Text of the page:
They would use it sparingly alongside other methods of treatment in healing ceremonies and also alone, but predictability the Europeans all took it a bit too far and started trying to use it for everything in very different ways. They obviously smoked it as they had been taught by the indigenous Americans, but they also got into snuff (snorted powdered tobacco) for nasal conditions, would get someone to blow tobacco smoke into their ear for pain and infection and started testing out shoving a tube up the arse and blowing some tobacco smoke up it to help with gastric complaints and hernias. Because why wouldn't you.
This was originally done with just a tube and a willing physician, but this quickly caused problems if the patient had cholera and the physician accidentally breathed in. I don’t think I need to further explain that. So then they brought in the bellows in order to pump the smoke in.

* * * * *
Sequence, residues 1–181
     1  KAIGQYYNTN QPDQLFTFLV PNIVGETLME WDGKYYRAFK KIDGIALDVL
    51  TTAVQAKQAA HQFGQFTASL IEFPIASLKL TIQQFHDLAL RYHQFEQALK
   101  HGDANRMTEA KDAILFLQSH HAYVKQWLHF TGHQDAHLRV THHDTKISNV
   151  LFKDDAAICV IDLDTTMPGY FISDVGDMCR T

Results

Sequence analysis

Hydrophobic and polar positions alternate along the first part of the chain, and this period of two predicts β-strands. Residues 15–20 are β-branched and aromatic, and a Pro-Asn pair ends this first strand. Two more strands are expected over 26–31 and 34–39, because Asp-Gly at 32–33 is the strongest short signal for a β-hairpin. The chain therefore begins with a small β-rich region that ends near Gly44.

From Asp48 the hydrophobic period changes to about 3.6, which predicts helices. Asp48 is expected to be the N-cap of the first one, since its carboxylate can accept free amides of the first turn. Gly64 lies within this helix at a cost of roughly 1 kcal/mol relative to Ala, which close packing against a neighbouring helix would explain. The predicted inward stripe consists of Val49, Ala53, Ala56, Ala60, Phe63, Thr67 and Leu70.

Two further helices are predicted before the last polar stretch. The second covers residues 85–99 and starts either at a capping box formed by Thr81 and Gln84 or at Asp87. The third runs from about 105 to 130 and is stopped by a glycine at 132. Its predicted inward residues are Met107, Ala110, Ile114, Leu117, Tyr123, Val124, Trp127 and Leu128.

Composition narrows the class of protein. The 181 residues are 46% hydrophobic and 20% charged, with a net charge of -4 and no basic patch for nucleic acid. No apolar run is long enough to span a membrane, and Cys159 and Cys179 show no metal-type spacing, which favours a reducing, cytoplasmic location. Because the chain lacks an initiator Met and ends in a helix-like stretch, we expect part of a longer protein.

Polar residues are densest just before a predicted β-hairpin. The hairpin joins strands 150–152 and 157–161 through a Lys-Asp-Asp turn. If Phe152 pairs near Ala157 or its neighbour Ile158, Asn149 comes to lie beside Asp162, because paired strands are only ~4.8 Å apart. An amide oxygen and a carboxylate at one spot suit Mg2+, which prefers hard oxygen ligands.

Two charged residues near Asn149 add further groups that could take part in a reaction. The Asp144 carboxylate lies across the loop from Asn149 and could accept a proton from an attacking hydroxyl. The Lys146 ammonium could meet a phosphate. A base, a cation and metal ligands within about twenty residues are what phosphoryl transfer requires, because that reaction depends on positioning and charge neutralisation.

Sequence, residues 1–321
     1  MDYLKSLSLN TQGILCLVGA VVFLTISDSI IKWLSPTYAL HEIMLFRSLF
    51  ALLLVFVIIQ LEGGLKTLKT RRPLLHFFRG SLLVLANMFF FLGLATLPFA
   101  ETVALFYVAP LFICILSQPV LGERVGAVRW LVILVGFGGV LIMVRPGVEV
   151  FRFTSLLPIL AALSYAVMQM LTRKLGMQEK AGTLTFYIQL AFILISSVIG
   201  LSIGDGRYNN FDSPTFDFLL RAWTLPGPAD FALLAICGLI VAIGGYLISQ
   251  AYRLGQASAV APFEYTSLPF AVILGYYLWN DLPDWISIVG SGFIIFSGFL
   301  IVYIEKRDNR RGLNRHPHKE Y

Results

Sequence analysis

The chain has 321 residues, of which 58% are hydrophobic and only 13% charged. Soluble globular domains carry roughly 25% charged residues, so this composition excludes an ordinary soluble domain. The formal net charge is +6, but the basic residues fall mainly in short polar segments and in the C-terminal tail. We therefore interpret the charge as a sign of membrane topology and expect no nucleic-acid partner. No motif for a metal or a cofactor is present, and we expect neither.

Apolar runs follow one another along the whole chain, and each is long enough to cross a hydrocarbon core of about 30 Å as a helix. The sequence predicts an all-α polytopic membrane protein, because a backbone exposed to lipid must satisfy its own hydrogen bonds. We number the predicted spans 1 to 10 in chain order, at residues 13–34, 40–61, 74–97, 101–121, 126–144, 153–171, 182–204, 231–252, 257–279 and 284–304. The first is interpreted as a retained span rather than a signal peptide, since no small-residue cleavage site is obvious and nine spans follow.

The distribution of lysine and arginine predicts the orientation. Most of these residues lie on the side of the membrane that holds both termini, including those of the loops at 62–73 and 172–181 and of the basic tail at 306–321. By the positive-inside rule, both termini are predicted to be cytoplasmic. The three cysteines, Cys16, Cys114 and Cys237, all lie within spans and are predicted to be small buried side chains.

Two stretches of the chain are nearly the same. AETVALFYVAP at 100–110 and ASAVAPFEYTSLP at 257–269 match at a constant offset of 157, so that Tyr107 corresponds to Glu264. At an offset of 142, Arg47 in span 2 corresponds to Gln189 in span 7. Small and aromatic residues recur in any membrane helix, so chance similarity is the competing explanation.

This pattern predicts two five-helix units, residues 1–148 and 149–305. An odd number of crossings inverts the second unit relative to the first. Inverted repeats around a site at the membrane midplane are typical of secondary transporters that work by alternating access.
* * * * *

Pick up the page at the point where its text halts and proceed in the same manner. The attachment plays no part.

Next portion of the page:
You may well be aware of this as a method for (debatably) saving people who would otherwise die of drowning, which was advocated by the The Institution for Affording Immediate Relief to Persons Apparently Dead from Drowning (snappy name) in 1774 after somewhat questionable evidence that it may well help by warming the body and stimulating the respiratory system. One of the earliest stories of success from 1746 features a woman who was pulled from the water looking quite dead. While everyone was shouting and panicking, a passing sailor offered his pipe and instructed the husband to take the pipe, shove it up her arse and “blow hard”. Amazingly, the woman woke up, and this was proof enough.
This was the era of medical experimentation, but a tobacco smoke enema for many minor conditions was advocated for in books of home remedies, and sure it seems ridiculous now, but wouldn't it have been more ridiculous if it was actually the cure for gastroenteritis and no-one had thought to try it?
“A Capsule History of Pain Management” Marcia L. Meldrum, Journal of the American Medical Association Nov 2003
“Pain Relief Through the Ages” Sara Rigby, Science Focus 9th August 2017